The Dreaded Golf Trigger Finger Injury - Put a Stop to It Now
Originally Published Dec 17, 2020
A golf trigger finger injury may seem like a tiny issue but it can ruin your golf game completely. Whether you’re hoping to go professional or you simply love playing golf, don’t let this pesky injury get the best of you.
Here, we’re helping you put a stop to golf trigger finger. You’ll learn more about the injury itself, its symptoms and causes, as well as ways to treat and prevent trigger finger. Read on.
What is Golf Trigger Finger?
Trigger finger injury is one of the most common injuries that golf players experience. It’s a condition caused when the flexor tendon sheath that the tendons in your fingers run through is inflamed. The inflammation inhibits smooth movements during finger extension.
Trigger finger causes a finger, thumb, or multiple fingers to “lock-up” in a bent position, making a clicking or snapping sound.
Those suffering from this injury might also experience pain in the palm of their hand, trouble gripping, playing golf, and issues using their fingers in other ways.
Why are Golfers Affected by Trigger Finger?
Golfers experience trigger finger injury commonly due to the repeated gripping and swinging of the club. This repetitive motion without the proper precautions and treatments can lead to chronic golf trigger finger.
Golf requires a specific grip on the club and a repetitive swinging motion. It uses both the fine motor skills of your fingers to grip as well as gross motor skills to swing. Both can cause inflammation of the flexor tendon sheath.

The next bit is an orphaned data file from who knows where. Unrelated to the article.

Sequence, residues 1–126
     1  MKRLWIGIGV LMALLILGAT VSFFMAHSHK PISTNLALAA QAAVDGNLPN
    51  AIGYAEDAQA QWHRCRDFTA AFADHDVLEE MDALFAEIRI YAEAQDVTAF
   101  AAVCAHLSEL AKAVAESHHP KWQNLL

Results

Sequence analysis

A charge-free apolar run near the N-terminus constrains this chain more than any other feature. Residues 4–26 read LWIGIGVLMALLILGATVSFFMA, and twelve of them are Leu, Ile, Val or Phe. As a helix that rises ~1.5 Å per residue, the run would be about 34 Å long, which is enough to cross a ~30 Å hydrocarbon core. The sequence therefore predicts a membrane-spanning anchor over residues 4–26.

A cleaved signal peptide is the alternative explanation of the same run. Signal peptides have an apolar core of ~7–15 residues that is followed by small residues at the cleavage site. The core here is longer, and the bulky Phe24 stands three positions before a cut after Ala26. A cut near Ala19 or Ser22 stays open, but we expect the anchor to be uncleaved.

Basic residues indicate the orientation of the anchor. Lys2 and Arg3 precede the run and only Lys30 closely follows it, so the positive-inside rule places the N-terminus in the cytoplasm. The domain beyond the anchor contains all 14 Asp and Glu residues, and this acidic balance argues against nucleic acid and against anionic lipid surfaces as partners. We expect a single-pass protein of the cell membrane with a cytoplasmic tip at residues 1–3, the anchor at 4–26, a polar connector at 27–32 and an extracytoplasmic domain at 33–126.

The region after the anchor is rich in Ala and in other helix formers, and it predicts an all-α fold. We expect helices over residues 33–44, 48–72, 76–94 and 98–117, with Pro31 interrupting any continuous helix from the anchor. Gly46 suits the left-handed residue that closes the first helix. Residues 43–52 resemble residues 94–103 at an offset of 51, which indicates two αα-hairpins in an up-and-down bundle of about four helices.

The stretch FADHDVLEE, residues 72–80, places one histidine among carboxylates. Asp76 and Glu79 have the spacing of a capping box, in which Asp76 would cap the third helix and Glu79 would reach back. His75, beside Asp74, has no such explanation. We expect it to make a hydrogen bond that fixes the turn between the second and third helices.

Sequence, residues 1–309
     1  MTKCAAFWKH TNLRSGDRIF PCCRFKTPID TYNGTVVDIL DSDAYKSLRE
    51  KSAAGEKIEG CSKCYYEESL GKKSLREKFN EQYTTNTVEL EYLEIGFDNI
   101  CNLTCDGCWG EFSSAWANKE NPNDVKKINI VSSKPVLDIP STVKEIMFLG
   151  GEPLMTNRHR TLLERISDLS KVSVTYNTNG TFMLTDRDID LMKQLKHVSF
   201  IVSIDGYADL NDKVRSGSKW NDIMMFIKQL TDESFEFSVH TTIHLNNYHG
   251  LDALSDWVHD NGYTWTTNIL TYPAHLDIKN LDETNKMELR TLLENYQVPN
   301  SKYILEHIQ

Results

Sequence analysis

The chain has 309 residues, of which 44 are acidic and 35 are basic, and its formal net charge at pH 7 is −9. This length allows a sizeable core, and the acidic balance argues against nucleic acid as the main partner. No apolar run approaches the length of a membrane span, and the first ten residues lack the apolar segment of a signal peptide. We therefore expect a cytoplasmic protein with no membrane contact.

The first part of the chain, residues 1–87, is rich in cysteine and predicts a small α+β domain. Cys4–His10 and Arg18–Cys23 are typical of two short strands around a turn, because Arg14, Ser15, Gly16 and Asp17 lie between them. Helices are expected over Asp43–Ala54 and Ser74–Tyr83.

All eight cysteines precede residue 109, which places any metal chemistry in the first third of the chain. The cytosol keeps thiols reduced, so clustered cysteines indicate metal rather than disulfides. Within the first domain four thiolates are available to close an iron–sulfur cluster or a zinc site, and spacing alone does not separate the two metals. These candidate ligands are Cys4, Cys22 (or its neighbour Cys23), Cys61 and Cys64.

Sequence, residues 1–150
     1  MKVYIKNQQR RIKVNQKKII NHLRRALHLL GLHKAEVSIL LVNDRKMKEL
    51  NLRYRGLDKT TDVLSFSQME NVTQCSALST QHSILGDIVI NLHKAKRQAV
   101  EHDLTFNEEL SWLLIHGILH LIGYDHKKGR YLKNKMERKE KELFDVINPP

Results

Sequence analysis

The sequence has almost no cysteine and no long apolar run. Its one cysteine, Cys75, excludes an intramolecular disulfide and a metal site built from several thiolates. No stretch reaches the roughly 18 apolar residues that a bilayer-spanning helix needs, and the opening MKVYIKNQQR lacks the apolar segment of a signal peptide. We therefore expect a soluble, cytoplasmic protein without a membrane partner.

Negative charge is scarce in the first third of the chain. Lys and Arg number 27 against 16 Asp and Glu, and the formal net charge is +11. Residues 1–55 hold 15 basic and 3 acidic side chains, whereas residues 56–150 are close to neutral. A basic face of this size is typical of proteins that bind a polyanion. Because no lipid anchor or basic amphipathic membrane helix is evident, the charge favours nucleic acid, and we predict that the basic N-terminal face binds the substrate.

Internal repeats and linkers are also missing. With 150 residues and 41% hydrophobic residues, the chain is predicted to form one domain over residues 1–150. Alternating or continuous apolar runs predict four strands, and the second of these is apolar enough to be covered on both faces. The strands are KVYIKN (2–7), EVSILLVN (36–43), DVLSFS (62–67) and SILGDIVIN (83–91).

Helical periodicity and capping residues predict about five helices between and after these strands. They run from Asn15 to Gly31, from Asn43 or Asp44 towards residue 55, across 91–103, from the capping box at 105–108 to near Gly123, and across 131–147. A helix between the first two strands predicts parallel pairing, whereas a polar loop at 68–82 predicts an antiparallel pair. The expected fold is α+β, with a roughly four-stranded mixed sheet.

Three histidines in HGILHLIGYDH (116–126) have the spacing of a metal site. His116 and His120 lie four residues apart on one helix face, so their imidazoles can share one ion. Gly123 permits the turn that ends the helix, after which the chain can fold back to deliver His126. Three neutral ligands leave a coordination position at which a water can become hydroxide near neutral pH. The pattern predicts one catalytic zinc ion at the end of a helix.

Golf swings and holding the club too tightly puts a lot of pressure on your fingers. For these reasons, trigger finger is extremely common in golf.
What is the Role of Tendons?
Let’s backtrack for a moment and visit the role of tendons to better understand golf trigger injury as well as its causes, symptoms, and treatments.
Tendons are the link that connects muscle to bone. These thick bands help bones to move when the muscles surrounding them contract. The tendons found in your hand run to the end of your fingers and up into your forearm.
Acting as a pulley system, these tendons link to bones through ligaments. This pulley action creates a sheath around the bone allowing the tendons to move through smoothly.
Therefore, trigger finger occurs when this pulley-like sheath becomes inflamed from strain or overuse.
What Causes Trigger Finger?
Trigger finger is caused by overuse of the hands through repetitive gripping or pinching. Doing so causes damage or inflammation to the tendon sheath in the hand that usually allows your finger tendons to glide smoothly.
Individuals over the age of 40 and women are also more susceptible to trigger finger injury.
Perhaps this is due to deteriorating joints in older individuals or due to the fact that women typically have smaller hands, requiring a tighter grip.
However, trigger finger’s occurrence is more closely related to activities performed such as golf.
Additionally, ignoring the early warning signs of golf trigger finger makes symptoms far worse. If left untreated, it’s possible that your affected finger may never fully straighten again. It can also be caused or exacerbated by a previous hand injury.
Trigger Finger Symptoms
Trigger finger causes painful locking and snapping of the finger or thumb and difficulty moving your finger, thumb, or multiple fingers.
The most common symptoms of golf trigger finger include:
- Difficulty bending or straightening the affected finger